Donald McClarey, The American Catholic: Born in New York City on September 11, 1929, he dreamed as a boy of being a missionary in Asia. He would go to Asia, as a priest, but as a Chaplain in the Army. A graduate of Seaton Hall University and Maryknoll Seminary, he had served as a priest in the diocese of Mobile Alabama, before joining the Army … More →
The Atlantic: After 400 years in the Virginia dirt, the box came out of the ground looking like it had been plucked from the ocean. A tiny silver brick, now encrusted with a green patina and rough as sandpaper. Buried beneath it was a human skeleton. The remains would later be identified as those of Captain Gabriel Archer, one of the most prominent leaders at Jamestown, … More →
“England and Always” The British, the Empire, and the Faith Part II: When the King Enjoys His Own Again Though for a time we see Whitehall With cobwebs hanging on the wall Instead of gold and silver brave Which formerly was wont to have With rich perfume In every room, Delightful to that princely train Yet the old again shall be When the time you … More →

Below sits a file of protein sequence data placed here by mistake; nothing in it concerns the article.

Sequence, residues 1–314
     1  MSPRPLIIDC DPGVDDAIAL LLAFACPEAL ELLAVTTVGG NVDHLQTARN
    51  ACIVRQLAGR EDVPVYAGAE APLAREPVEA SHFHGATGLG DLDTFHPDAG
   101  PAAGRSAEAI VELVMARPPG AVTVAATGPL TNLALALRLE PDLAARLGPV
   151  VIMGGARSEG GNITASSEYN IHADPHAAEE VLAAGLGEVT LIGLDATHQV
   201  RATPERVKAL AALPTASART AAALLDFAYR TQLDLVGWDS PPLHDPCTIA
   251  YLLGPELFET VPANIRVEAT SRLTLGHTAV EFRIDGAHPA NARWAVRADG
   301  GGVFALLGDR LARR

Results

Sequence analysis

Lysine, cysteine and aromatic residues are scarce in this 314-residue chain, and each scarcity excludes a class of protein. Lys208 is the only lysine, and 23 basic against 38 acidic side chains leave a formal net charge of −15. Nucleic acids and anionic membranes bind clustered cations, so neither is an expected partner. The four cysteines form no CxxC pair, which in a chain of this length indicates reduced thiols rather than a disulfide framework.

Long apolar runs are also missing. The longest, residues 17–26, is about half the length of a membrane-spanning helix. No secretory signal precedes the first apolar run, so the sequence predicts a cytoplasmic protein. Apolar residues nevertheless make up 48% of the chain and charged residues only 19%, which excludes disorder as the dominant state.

The Papal Bull of Saint Pope Pius V granting in perpetuity the right of every priest use the venerable and traditional Latin Missal in offering Holy Mass. Issued July 14, 1570. Rorate Caeli: [From the very first, upon Our elevation to the chief Apostleship], We gladly turned our mind and energies and directed all out thoughts to those matters which concerned the preservation of a pure … More →
Haven’t we all at some time in our discussions with Catholics, both practicing and fallen-away, and with non-Catholics alike, heard the comment in the middle of a conversation, “But what about the Crusades; what about the Inquisition?” While we make our point on some other aspect of the Faith, these two topics are invariably brought up to throw us off kilter because they absolutely know … More →